Mayor Walsh was born in Boston, and is the son of John and Mary (O’Malley) Walsh, both Irish immigrants.

This Cultural Treasure, Once a Traveling Exhibition, is the Only Museum in the United States Dedicated to and Focused on Preserving the History of Black Dolls

(Header image, courtesy of the National Black Doll Museum of History & Culture, are of dolls that are among the more than 6,000 in the museum’s collection.)

Willwork Global Event Services is a leading international exhibition services and event management company.

Willwork Global Event Services works in cities, towns, villages, and hamlets throughout the United States.  We also work internationally.  Indeed, our international business is growing fast. 

We launched in 1987.  Our corporate office is located about 25 miles south of Boston, in South Easton, MA, a section of the incorporated town of Easton.  Willwork Global Event Services operates offices in major metropolitan areas across America.

On our blog, and across our social media channels, we take the opportunity to tie in, and integrate, current and historic events and anniversaries to the business of Willwork Global Event Services: exhibitions and events. 

This we are doing today with a post in honor and commemoration of Black History Month, an ennobling and important national annual event.

February is Black History Month.

Last year, on this blog, we gave tribute to Black History Month with a post titled, “Museums and Exhibitions, and Tours, That Honor and Educate About the Black Experience in America.”

Beyond, and in addition to the subject matter described in the title of the post, the post included background on Black History Month and how the event came to be.

For Black History Month 2019, we are taking a look at another exhibition that honors and educates about the black experience in our republic.

Aviation pioneer Bessie Coleman doll at the National Black Doll Museum of History & Culture (image courtesy of NBDMHC)

In conducting research for this post, we were pleased to learn about a trove of a celebration of black culture in Mansfield, MA, a town that borders Easton (again, the community that hosts the Willwork headquarters).

At 288 North Main Street in Mansfield resides the National Black Doll Museum of History & Culture, a museum (and we submit a museum is a type of exhibition) that is, as described on the organization’s website, “Celebrating black history through the eyes of a doll collector.”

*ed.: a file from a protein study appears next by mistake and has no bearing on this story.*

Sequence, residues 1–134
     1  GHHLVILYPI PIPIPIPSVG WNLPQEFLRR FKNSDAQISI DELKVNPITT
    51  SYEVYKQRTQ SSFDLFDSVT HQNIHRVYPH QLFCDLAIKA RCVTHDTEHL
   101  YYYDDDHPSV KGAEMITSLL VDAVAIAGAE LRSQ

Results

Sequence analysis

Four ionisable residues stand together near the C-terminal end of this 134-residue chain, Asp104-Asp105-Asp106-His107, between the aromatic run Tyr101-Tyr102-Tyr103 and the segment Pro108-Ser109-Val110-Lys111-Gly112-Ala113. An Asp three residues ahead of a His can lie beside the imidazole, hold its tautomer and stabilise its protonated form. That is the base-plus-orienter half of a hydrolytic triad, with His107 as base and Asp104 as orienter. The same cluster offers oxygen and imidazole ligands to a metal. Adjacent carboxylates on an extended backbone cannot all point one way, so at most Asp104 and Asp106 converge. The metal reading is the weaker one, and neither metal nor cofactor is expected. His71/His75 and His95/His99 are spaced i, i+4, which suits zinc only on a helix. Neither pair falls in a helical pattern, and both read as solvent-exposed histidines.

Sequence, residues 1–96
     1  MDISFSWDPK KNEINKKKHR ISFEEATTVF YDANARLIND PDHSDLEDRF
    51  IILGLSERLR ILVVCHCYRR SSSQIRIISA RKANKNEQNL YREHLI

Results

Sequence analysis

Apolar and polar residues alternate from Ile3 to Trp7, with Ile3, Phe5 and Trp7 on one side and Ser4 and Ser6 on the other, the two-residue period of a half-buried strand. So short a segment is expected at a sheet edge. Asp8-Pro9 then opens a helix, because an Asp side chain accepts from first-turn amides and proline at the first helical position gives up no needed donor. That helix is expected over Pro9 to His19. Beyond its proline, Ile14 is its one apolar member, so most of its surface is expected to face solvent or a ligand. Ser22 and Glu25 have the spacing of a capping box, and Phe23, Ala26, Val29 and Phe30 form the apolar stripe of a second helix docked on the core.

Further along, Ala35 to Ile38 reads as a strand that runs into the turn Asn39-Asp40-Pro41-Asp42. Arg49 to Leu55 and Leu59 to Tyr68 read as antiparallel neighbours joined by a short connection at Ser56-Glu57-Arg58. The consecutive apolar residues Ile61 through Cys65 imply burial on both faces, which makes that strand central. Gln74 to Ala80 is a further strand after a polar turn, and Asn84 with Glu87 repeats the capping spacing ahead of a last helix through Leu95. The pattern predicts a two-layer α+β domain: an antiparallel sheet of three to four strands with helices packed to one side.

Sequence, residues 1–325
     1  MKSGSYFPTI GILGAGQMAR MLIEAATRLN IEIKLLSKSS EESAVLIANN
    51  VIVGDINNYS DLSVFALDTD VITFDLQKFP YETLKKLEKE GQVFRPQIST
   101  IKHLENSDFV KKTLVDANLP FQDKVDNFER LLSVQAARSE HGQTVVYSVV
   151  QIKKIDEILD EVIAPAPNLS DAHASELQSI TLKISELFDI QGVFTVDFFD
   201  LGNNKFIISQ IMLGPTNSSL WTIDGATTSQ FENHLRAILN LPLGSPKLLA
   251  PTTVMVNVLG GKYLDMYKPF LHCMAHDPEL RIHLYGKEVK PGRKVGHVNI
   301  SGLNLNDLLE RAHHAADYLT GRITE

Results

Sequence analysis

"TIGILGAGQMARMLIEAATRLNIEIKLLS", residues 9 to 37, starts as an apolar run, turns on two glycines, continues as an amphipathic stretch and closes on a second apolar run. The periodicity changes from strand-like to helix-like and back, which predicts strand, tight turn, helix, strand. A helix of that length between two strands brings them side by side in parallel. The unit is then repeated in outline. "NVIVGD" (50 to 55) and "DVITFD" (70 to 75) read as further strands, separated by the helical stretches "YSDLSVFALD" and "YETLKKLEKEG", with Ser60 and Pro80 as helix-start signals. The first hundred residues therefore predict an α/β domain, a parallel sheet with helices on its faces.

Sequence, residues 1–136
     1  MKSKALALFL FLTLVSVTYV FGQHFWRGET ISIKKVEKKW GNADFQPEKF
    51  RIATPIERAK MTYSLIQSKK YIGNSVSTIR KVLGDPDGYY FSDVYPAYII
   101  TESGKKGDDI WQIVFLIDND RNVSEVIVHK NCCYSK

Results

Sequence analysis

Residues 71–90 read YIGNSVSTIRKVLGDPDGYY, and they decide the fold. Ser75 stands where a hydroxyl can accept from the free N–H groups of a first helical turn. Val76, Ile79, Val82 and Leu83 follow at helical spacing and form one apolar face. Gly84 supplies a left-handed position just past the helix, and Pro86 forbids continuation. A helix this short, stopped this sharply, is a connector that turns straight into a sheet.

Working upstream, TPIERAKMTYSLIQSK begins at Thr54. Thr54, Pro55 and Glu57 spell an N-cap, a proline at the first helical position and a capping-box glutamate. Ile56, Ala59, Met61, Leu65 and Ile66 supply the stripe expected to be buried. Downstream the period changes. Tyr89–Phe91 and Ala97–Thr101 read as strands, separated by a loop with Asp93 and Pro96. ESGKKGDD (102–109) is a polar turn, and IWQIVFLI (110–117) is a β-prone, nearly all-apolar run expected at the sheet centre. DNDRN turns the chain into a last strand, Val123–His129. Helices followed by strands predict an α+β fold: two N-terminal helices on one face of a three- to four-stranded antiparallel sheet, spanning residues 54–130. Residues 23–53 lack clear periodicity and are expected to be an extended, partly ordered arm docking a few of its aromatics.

The National Black Doll Museum of History & Culture (NBDMHC) s the only museum in America dedicated to and focused on preserving the history of black dolls.

Founder of the museum is Debra Britt, 65, a Mansfield resident.  Ms. Britt is one of eight children who grew up in the Boston neighborhood of Dorchester. She started collecting black dolls as a child.  Ms. Britt, who worked at the South Station post office for 21 years, has collected a lot of dolls.  She founded a nonprofit museum which took the dolls on the road and made them accessible to the public.

Story of racial inequality in America told in a dollhouse (image courtesy of NBDMHC)

How did the NBDMHC come to take residence in downtown Mansfield?

A portion of an answer to that question is found in the following excerpt from a story, “In Mansfield, a one-of-a-kind collection of black dolls,” published on September 29, 2017 in the South regional section of the Boston Globe:

“For years, the nonprofit museum was a traveling exhibit, more than 5,000 dolls, carried to battered women’s shelters, soup kitchens, and schools; stored in boxes and tubs in her attic, basement, and garage.  But eventually Britt …  and her two sisters tired of packing and unpacking and lugging boxes around. Britt’s husband, a retired Boston police officer, was losing patience as the dolls overtook the couple’s Mansfield home.”

What to do with a collection that kept growing and growing?

In 2012, a saving solution was realized when Ms. Britt found affordable and vacant commercial space on North Main Street. 

Tribal dolls (image courtesy of the NBDMHC)

Please click here to be taken to the full Boston Globe story, which is written by Hattie Bernstein.

Today the National Black Doll Museum of History & Culture has more than 6,000 dolls.  It runs a busy schedule of educational programs, workshops, readings, tours, discussions … and more.

The renown and profile of the museum continues to rise.